It’s no surprise that convenient, generalist websites like Amazon are thriving this year as the coronavirus pandemic has forced most Americans into their homes for the long haul. In fact, in March and April, Amazon was even discouraging its customers from purchasing too many items, as the massive influx of orders was causing a shortage of items and shipping delays.

Those issues aside, a growing reliance on online shopping is weighing heavily on the environment. According to Adobe Digital Economy Index’s latest data, U.S. e-commerce jumped by 49 percent in April, with online grocers experiencing a 110 percent boost in daily sales between March and April. Recent data suggests that e-commerce giant Alibaba’s single-day sales hit more than $38 billion in revenue this year, and according to Adept Packaging, those additional e-commerce sales resulted in 75 million extra plastic bags.

Here is where industry newcomer Loop swoops in — the brainchild of entrepreneur Tom Szaky, who created the innovative recycling company TerraCycle as a Princeton drop out with the goal to recycle the food waste from the university dining halls into fertilizer. His company is now worth $20 million, and he’s branching out.

In May of 2019 the program first started a webshop, supplying customers with the products they already know and love, from Haagen Dazs ice cream to Pantene shampoo and conditioner. The twist? Their containers were not just recyclable, but truly reusable — meaning they could be cleaned and then given a new life, if not a hundred. 

Now, big name retailers including Kroger are planning to make space in stores for Loop next year, utilizing TerraCycle’s refillable packaging system. Customers will be able to visit Loop stations to purchase a wide array of household products, all sold in stainless steel tins that Loop has specifically designed to eventually be returned, cleaned and sold again in a “milkman” style system. The refundable packaging does come at a small cost to consumers, who are required to pay a deposit that ranges from $1 to $10, depending on the container’s size and material.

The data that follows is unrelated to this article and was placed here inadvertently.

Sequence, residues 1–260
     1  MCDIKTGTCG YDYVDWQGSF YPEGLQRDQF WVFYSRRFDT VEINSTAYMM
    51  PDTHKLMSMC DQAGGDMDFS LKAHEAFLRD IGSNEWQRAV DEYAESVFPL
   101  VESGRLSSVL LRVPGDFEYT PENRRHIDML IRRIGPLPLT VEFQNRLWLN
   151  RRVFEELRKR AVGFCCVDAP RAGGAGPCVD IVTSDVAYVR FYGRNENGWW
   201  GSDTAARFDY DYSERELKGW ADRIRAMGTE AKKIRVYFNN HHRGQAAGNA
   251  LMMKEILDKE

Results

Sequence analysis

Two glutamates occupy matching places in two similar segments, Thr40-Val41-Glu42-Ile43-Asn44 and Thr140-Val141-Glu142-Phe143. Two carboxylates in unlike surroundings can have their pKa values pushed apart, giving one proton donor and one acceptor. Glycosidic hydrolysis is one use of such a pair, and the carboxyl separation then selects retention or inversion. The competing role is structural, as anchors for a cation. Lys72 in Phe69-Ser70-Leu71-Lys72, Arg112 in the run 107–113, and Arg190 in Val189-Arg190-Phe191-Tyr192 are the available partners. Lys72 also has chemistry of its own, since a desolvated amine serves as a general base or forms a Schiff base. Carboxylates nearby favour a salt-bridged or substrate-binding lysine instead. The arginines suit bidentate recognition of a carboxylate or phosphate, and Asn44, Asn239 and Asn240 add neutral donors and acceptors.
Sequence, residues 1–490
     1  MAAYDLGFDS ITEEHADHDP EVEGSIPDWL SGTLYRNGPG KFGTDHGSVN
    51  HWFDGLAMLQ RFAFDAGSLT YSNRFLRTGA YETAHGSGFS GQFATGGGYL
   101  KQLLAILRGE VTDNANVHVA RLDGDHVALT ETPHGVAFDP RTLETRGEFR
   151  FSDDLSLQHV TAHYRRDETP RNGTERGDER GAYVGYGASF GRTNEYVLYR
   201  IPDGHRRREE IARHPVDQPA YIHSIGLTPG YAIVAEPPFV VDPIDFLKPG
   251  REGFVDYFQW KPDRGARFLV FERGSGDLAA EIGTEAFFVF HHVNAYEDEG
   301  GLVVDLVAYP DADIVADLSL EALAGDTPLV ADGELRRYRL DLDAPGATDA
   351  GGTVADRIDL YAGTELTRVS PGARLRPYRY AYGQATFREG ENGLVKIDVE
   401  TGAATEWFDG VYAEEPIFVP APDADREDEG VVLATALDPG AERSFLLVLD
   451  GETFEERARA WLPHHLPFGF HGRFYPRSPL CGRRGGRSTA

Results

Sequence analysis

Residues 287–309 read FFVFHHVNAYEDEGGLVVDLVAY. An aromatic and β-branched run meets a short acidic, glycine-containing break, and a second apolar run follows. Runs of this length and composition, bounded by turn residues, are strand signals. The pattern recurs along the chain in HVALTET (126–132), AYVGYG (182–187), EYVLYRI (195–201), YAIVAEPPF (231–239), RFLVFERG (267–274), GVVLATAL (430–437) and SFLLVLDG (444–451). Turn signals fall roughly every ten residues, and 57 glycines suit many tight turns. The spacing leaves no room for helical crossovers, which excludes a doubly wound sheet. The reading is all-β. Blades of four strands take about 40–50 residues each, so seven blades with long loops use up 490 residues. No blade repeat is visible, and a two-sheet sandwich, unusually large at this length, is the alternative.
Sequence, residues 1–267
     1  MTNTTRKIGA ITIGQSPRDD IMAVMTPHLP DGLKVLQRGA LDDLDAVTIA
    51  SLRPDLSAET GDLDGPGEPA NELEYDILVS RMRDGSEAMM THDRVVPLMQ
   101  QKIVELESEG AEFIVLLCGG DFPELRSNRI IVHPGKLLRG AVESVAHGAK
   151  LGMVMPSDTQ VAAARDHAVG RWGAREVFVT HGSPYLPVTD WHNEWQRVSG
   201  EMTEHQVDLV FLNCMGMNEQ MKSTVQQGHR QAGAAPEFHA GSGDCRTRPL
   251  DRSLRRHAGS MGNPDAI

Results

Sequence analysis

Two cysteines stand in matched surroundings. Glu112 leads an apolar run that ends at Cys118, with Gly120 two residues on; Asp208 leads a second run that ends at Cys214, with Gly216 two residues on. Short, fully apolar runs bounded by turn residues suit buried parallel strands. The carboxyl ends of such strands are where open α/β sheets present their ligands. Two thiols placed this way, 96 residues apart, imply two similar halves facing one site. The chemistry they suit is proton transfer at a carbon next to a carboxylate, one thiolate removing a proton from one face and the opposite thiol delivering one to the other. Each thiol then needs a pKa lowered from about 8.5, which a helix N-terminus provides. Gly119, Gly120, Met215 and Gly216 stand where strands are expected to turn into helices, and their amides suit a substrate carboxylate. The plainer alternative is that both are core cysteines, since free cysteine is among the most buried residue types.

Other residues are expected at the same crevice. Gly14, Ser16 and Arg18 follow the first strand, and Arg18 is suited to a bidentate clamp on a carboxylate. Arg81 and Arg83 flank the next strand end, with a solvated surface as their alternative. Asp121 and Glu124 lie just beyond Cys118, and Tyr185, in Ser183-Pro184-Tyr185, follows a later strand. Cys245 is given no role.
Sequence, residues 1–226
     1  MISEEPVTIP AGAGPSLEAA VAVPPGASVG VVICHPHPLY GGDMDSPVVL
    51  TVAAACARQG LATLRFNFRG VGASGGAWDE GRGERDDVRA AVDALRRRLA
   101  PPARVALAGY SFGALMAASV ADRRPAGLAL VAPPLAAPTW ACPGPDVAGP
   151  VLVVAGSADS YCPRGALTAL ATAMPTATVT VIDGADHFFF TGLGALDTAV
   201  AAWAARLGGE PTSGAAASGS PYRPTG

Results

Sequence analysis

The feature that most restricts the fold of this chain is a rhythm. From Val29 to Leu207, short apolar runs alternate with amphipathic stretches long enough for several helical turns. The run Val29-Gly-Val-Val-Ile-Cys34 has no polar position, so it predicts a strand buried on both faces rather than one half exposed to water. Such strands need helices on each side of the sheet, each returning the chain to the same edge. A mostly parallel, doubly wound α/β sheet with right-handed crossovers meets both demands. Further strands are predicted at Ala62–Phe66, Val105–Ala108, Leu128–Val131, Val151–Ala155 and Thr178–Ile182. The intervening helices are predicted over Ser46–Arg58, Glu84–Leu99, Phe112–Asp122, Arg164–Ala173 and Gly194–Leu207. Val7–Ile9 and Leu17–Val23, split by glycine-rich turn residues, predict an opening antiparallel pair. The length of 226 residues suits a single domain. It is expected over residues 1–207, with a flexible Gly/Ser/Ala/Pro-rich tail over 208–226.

Loop’s Global Vice President of Creative and Communications, Lauren Taylor, says that the pandemic has fortunately not forced the company to shift priorities, sharing that, in fact, sales are at a platform-high. “Our priorities will continue to be aimed at eliminating waste and offering consumers their favorite brands and products in higher quality, better designed reusable packaging.”         

“Loop just launched in the United Kingdom July 15, and as of Sep. 15, 2020, Loop will be available to consumers in every ZIP code in the 48 contiguous U.S. states,” says Taylor. “Next year we will launch in Toronto, Tokyo and Australia. We are also working with select fast-food restaurants and beauty stores to provide reusable packaging to consumers. Be on the lookout for that in 2021.”

How might that experience look in store? Well, at places such as Tesco in the United Kingdom and Carrefour in France, customers can be on the lookout for Loop corners, or areas of a store designed for products packaged in Loop’s containers. Aeon Co., Japan’s largest supermarket group, also plans to introduce Loop corners to 16 of their stores in the greater Tokyo area by next March.

“We want people to come in and fall in love with these really cute, beautiful packages, understand the message and get excited about it,” Satoshi Morikiyo, general manager of  convenience goods at Aeon, told The Wall Street Journal. “Shopping trips are not necessarily something people look forward to, but this is a cool experience that offers something of a discovery—something new and fun.”

Indeed, Taylor tells Changing America that with more than 100,000 people signed up for Loop, they’re excited to be expanding their services to the entirety of the continental United States and that rapidly growing consumer demand has secured Loop more than 80 partners and 400 products — a number that continues to grow weekly.

Published on Jan 06, 2021